Tags: Fox News | Family | single parent | children | Pew Research | traditional

Pew: Only 46 Percent of US Families Are 'Traditional'

By    |   Friday, 16 January 2015 11:41 AM

The image of the American family popularized on television programs like "Leave It to Beaver" doesn't reflect family life today, according to a recent survey.

The Pew Research Center reports that today less than half of American children under the age of 18 live in a home with two married parents.

Using data from the American Community Survey and the Census Bureau, the Pew analysis found that 46 percent of children under 18 live in households headed by two heterosexual parents in their first marriage, compared to 1960 when 73 percent of children fit that description, and in 1980, when 61 percent did.

"Rapid changes in American family structure have altered the image" of families, the researchers say. "While the old 'ideal' involved couples marrying young, then starting a family, and staying married till 'death do they part,' the family has become more complex, and less 'traditional.'"

The debate between the left and the right about the consequences of the breakdown of the traditional family continues, some believe the reason is quite clear.

"The major factor I think is the lack of stigma attached to it. And it seems to me for the individual you want to be humane, you want to be sympathetic, for the individual it's a good thing that there is no stigma. But collectively for society when the rate hits 41 percent it is a disaster for a society," said conservative columnist Charles Krauthammer Thursday night on Fox News' "The O'Reilly Factor."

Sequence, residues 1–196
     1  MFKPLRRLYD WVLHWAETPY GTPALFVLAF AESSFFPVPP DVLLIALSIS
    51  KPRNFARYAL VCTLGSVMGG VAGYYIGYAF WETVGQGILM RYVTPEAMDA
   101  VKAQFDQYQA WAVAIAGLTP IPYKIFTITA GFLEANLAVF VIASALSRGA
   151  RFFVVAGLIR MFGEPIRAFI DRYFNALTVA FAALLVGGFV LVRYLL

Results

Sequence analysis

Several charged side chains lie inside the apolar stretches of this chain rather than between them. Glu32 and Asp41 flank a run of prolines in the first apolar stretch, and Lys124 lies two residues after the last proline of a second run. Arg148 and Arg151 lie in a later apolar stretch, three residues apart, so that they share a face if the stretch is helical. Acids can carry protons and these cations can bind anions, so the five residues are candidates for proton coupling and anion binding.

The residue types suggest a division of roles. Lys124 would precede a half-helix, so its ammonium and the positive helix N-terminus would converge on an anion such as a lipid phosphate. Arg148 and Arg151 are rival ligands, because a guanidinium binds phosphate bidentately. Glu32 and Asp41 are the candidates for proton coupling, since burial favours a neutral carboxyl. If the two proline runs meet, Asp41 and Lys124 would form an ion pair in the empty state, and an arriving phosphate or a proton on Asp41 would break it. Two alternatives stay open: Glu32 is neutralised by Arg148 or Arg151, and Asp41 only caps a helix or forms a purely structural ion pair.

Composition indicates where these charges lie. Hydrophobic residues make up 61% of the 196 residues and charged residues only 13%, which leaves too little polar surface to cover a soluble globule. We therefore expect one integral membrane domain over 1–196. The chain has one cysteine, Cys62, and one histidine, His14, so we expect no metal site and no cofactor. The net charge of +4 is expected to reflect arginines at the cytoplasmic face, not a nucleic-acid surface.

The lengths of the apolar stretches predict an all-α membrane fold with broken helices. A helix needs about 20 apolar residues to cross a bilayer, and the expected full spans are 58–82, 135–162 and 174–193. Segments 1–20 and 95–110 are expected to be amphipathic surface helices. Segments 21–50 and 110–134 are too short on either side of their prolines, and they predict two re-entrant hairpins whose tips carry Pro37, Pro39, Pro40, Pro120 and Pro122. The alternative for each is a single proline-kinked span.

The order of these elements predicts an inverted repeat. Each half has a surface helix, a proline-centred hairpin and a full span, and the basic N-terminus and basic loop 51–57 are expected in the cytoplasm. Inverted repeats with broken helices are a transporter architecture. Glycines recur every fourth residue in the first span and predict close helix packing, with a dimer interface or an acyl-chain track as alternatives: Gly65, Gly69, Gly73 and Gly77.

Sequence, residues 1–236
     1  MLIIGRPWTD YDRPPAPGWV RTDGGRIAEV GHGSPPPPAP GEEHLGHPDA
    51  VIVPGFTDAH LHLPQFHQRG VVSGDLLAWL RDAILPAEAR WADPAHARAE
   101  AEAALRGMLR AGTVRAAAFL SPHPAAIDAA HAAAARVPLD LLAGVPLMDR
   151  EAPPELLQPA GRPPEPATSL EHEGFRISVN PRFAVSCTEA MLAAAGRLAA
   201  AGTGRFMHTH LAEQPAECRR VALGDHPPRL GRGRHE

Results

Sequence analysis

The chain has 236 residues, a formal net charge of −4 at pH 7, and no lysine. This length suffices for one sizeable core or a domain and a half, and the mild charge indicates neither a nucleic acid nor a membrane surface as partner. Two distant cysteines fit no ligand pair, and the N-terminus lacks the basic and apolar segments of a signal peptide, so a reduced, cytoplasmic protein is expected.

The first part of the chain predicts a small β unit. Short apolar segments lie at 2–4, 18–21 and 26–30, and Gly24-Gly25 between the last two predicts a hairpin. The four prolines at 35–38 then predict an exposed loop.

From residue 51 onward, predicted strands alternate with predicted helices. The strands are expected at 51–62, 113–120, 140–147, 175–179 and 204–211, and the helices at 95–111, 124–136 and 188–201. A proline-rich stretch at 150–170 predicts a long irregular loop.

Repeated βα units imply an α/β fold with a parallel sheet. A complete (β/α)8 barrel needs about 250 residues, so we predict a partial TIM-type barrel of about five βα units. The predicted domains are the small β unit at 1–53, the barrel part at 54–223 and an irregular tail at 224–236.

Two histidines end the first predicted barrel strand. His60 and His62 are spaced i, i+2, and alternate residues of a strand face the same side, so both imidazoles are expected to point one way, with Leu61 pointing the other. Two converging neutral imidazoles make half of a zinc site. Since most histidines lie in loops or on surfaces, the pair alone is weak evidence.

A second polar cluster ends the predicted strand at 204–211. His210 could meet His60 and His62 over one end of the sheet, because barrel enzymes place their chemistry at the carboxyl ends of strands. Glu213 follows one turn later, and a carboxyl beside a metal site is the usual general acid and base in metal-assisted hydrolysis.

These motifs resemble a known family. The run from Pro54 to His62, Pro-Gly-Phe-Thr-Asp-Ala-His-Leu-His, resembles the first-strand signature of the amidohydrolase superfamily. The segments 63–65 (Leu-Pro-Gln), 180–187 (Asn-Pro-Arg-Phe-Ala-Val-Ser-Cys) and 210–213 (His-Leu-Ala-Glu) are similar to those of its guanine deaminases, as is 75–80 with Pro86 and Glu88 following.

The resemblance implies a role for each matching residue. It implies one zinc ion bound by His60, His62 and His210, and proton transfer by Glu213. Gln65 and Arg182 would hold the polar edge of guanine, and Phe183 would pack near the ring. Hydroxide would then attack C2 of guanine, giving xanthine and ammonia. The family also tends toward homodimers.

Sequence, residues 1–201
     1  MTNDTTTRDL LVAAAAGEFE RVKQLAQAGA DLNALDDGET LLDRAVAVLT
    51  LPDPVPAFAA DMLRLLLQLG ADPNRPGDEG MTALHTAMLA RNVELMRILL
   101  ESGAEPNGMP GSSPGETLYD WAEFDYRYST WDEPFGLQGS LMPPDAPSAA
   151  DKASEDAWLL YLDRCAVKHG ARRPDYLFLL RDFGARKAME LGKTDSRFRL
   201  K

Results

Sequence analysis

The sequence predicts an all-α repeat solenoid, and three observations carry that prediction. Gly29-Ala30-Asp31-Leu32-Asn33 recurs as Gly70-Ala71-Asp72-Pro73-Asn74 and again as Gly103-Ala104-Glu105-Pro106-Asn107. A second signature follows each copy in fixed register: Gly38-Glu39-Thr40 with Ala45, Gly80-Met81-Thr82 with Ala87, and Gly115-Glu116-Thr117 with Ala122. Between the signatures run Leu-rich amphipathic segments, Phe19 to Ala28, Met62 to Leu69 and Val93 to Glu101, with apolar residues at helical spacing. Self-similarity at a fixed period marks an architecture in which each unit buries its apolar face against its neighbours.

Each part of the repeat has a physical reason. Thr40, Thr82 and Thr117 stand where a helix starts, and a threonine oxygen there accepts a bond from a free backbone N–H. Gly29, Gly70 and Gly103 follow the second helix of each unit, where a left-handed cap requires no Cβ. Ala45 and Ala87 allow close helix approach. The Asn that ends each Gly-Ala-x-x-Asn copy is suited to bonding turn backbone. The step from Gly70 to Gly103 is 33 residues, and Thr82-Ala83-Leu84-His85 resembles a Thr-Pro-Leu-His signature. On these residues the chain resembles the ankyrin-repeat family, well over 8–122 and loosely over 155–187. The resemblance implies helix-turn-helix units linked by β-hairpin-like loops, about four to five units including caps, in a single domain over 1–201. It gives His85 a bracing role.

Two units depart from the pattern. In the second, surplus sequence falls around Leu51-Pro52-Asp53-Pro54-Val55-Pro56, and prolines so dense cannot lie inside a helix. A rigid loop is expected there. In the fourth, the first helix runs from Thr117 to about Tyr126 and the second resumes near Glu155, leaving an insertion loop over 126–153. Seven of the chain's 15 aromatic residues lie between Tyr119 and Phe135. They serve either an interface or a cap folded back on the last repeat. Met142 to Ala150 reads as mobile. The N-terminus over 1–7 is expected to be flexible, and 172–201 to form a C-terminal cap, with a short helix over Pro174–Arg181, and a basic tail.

Krauthammer notes that contrary to conventional wisdom, the increase in single-parent families has risen among the white working class as well, but, he adds, society as a whole bears the disastrous consequences.

"But certainly, the removal of the stigma, the normalization of illegitimacy has been a catastrophe for society. And we're going to suffer the consequences," he said.

A new report by Child Trends confirms Krauthammer's assertion.

"Women who give birth outside of marriage tend to be more disadvantaged than their married counterparts, both before and after the birth. Unmarried mothers generally have lower incomes, lower education levels, and are more likely to be dependent on welfare assistance compared with married mothers.

"Women who have a nonmarital birth also tend to fare worse than childless single women," the report stated.

"The numbers that show that children raised by their two biological [or adoptive] parents do substantially better in every respect in life than those who are not. They do better in school and in higher education, they do better at jobs and economically, they develop more stable and lasting relationships personally," Michael Barone wrote recently in the National Review.

According to the Census Bureau, 66 percent of households in 2012 were family households, which represents a decline from 81 percent in 1970.

During that same time period, the proportion of one-person households increased by 10 percentage points, from 17 percent to 27 percent.

The breakdown of the family structure has consequences on both the health and well-being of Americans, particularly women, reported Gallup last year.

According to the Gallup-Healthways Well-Being Index, while women tend to experience more stress than men across all marital status groups, "there is a visibly pronounced stress gap by gender when one compares women who are separated to men who are separated."

The index found that the increase in stress among separated women compared with married women is about 55 percent higher than the stress levels reported by men in the same groups.

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The image of the American family popularized on television programs like "Leave It to Beaver" doesn't reflect family life today, according to a recent survey.
Family, single parent, children, Pew Research, traditional
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2015-41-16
Friday, 16 January 2015 11:41 AM
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